Markets

Lionel Laurent is a Bloomberg Gadfly columnist covering finance and markets. He previously worked at Reuters and Forbes.

Foreign-exchange traders didn't waste much time musing on the complex ramifications of today's court ruling that Parliament must vote before Brexit is triggered. Their response was: BUY.

Brexit Buy
Traders sent the pound higher after the court decision on Article 50
Source: Bloomberg
Intraday times are displayed in ET.

Banking stocks also got a nice lift. European financials extended an already impressive winning streak after the decision, outperforming the broader market in the process.

Banking on Parliament
European financial stocks extended gains after the U.K. ruling
Source: Bloomberg
Intraday times are displayed in ET.

But is the outcome really that straightforward? Probably not. Not least because the government says it will appeal the decision.

Where traders see more certainty, or at least less chance of a messy "hard" Brexit, CEOs in the finance industry are likely to see quite the opposite.

Their priority is to work out how to keep serving clients and keep employees on board in the event that they lose access to the single market. That task has not become any simpler.

Allowing British lawmakers to have their say at the beginning of exit talks rather than the end raises a few possibilities. Not all of them great.

A vote by lawmakers against triggering Article 50 could start a whole new chapter of political instability. If they push for concessions, or more knowledge of Prime Minister Theresa May's negotiating strategy in exchange for approval, it's hard to see bankers being truly reassured. Promising businesses and banks that the U.K. will do its best -- honest! -- to deliver Brexit with as few trade tariffs as possible might ring hollow.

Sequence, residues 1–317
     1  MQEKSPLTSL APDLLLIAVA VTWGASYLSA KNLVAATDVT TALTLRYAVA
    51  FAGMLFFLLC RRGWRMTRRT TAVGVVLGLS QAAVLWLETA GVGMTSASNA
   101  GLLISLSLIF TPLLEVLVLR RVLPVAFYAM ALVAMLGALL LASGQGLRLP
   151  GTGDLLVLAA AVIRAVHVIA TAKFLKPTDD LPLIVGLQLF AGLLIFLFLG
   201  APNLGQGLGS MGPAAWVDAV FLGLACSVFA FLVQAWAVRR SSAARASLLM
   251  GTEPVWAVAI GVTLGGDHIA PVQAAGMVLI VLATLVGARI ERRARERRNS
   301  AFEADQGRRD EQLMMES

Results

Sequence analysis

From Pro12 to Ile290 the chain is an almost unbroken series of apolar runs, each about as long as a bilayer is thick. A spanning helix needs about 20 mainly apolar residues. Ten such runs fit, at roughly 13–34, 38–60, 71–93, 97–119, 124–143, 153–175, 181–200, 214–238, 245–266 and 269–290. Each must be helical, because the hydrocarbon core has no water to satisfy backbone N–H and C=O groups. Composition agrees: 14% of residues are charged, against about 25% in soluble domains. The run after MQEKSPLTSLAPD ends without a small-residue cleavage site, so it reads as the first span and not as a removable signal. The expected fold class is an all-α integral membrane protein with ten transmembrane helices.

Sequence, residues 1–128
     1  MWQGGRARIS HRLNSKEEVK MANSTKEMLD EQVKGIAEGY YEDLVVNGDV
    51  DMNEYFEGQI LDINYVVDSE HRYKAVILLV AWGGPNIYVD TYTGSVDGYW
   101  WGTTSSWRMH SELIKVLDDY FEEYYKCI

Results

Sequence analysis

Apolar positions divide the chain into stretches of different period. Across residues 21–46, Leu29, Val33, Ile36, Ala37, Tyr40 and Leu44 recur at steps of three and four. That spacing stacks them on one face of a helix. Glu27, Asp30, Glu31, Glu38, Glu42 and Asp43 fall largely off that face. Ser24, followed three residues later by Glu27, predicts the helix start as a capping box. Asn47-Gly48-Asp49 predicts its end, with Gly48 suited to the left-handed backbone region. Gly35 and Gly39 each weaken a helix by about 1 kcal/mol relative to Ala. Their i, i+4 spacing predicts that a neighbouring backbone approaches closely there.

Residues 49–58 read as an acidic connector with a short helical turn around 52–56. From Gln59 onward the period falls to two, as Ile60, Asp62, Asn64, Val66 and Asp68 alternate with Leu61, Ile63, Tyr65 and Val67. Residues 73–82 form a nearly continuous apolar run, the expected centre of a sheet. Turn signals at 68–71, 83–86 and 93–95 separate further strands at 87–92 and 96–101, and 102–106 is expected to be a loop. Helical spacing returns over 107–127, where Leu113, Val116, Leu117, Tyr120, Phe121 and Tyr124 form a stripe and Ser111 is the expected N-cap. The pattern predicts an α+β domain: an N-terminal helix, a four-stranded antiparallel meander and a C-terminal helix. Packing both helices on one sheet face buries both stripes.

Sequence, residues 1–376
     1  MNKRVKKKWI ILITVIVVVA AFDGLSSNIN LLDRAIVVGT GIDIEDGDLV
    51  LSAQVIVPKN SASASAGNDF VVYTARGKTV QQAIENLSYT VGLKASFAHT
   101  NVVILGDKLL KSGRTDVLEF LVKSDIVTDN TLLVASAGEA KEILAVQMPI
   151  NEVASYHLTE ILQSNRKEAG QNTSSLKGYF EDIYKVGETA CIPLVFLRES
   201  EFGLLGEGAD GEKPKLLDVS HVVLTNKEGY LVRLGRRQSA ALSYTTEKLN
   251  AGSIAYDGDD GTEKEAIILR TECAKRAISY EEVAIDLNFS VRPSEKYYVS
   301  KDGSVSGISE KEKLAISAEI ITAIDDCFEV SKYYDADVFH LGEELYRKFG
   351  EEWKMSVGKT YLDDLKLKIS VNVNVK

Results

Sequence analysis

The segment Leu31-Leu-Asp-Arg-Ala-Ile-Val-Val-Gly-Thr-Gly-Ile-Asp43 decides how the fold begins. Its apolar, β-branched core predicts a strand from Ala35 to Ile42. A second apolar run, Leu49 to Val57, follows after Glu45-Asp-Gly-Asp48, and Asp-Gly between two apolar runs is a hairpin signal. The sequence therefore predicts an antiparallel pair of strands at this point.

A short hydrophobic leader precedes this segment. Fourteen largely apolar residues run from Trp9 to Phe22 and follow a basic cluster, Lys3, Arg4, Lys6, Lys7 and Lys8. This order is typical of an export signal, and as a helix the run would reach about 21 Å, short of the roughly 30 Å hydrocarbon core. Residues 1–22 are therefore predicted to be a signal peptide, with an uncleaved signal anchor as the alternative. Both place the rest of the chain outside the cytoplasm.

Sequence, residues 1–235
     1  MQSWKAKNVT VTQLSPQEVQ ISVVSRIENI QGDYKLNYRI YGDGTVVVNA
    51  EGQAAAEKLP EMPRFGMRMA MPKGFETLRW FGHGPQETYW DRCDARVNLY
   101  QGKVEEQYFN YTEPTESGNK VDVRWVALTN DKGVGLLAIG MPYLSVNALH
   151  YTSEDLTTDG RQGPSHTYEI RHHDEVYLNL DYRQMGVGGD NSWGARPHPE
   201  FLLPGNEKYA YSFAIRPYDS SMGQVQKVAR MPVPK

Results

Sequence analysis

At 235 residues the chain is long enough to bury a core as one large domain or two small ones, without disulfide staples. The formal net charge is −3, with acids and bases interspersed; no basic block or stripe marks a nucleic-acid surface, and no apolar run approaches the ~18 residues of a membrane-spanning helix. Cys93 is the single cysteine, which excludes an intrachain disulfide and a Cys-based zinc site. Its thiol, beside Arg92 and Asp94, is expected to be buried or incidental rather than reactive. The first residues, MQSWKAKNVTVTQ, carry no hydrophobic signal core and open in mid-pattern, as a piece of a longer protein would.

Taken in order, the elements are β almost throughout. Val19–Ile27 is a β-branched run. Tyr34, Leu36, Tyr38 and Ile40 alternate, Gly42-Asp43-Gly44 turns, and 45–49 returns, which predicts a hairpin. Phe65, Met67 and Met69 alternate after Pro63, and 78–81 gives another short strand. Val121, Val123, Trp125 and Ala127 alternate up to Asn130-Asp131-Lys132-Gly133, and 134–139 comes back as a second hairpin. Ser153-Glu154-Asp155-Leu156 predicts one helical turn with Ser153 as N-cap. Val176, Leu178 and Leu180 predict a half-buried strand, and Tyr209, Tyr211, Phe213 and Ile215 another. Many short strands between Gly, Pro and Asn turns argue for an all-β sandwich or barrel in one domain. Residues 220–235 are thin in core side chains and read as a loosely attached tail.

Better to extract concessions in the style of Nissan Motor Co.'s Carlos Ghosn: Face to face and behind closed doors.

The best banks can hope for is probably more time and a delayed process to get their Brexit plans in order. But is that really such a relief? Nobody really knows what those plans should be yet. We've already written that moving staff or businesses too hastily makes little financial or business sense when the contours of Brexit are still pretty unknown. Couple that with elections due in the U.S., France and Germany -- as well as banks' need to execute on cost cutting and structural overhauls -- and you can see why today's ruling doesn't offer that much clarity for finance.

The reaction on the trading floor looks at odds with what is going on in the boardroom.

This column does not necessarily reflect the opinion of Bloomberg LP and its owners.

To contact the author of this story:
Lionel Laurent in London at llaurent2@bloomberg.net

To contact the editor responsible for this story:
Edward Evans at eevans3@bloomberg.net